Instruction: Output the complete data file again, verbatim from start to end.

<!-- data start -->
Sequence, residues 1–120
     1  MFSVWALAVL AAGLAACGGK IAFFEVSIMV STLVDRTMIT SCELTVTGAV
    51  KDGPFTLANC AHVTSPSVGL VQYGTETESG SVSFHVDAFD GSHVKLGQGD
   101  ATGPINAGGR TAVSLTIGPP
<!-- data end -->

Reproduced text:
Sequence, residues 1–120
     1  MFSVWALAVL AAGLAACGGK IAFFEVSIMV STLVDRTMIT SCELTVTGAV
    51  KDGPFTLANC AHVTSPSVGL VQYGTETESG SVSFHVDAFD GSHVKLGQGD
   101  ATGPINAGGR TAVSLTIGPP